On 26 Mar 2013, at 00:25, Russell Standish wrote:

On Mon, Mar 25, 2013 at 04:59:05PM +0100, Bruno Marchal wrote:

On 24 Mar 2013, at 22:50, Russell Standish wrote:

This is true, however real randomness is aavailable, through the very first person ineterminancy phenomenon you mention below, and evolution
doesn't care, it will exploit whatever is at hand.

That does not entail evolution will generate wheels, or quantum
brains, or comp-brains (brains exploiting the first person
indeterminacy).

I'm not sure where the examples of wheels in evolution comes from, but
I believe there are several examples - tumbleweed being the most
prominent. http://en.wikipedia.org/wiki/Rotating_locomotion_in_living_systems
lists quite a few examples. I think you may be referring to wheel and
axle analogues, which is much more difficult, engineering-wise, for
which the only know example appears to be the flagellum.

As for exploitation of quantum superpositions, it now appears that
photosynthesis is an example. More examples may be found.


That kind of randomness can be used. I don't criticize this. Only
the use of "genuine randomness".
My point is just that free-will, creativity, consciousness does not
need such genuine indeterminacy. We don't need "ontological or
primitive indeterminacy", the one coming from inside (or from self-
reference and self-induction) is enough. We seem to agree, thus.
The FPI is used by "nature", but only with respect of the relative
measure on the consistent histories/computations.




But for a simple animal, trying to flee a predator - think
fish fleeing a shark, for instance - their brains may not be
sufficiently complex to generate the sort of complex behaviour
required to outwit the predatit. In which case, evolution will exploit
the genuine randomness available in the environment.

Well, the animals will survive on the branch where they make the
right decision, but I think that their brain will use simple
Turing-like complexity, not the FPI, unless they are quantum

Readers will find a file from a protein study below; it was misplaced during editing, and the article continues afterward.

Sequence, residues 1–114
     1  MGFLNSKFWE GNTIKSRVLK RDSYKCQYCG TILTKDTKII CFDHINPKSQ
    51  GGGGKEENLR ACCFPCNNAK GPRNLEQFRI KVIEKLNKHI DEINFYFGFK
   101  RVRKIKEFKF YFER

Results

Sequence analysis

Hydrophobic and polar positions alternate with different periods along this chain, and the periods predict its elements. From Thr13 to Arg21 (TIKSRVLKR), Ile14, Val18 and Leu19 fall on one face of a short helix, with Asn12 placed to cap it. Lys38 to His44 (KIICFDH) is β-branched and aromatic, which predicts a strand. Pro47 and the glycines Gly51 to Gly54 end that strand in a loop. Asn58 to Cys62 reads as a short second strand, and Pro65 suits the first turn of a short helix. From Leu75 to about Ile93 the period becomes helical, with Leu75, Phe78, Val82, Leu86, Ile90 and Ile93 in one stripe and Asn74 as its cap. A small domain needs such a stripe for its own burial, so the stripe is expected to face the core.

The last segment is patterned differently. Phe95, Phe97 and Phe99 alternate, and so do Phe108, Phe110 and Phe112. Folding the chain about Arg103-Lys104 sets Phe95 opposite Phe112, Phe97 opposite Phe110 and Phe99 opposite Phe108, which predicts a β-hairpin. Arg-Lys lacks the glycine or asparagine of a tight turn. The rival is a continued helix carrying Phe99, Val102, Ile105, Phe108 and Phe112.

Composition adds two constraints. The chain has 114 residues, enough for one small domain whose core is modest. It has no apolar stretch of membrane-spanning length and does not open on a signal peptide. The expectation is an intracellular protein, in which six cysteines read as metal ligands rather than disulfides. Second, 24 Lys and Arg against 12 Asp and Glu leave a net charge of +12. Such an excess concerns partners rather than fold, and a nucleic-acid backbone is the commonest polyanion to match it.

computers, or the equivalent comp-computers, which I doubt. It is
conceivable;


As for exploitation of quantum random processes by the brain, that
theory makes two specific predictions: 1) a source of quantum
randomness must be found - the stochastic thermal behaviour of the
synapse fits the bill there, and 2) the system must be able to amplify
small perturbations into whole-system changes, ie we must necessarily
see the signature of chaotic processes in the brain. Note that
our most complex machine avoid chaos like the plague. Nyquist noise is
suppressed at each component or wire.

When this stuff was looked into (when Chaos theory was young and
trendy), that was exactly what was found - brains are wired for
chaos. See Walter Freeman, Sci Amer, vol 264, 78-85 (1991). I happen
to think this observation is significant.

OK. No problem. This would make the substitution level lower, and then should be explained by some back and forth between the FPI limits and the computations in the UD. I doubt this for empirical reason, but then comp invites to not take them too much seriously, unless they refute a theory.

Bruno






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Prof Russell Standish                  Phone 0425 253119 (mobile)
Principal, High Performance Coders
Visiting Professor of Mathematics      hpco...@hpcoders.com.au
University of New South Wales          http://www.hpcoders.com.au
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http://iridia.ulb.ac.be/~marchal/



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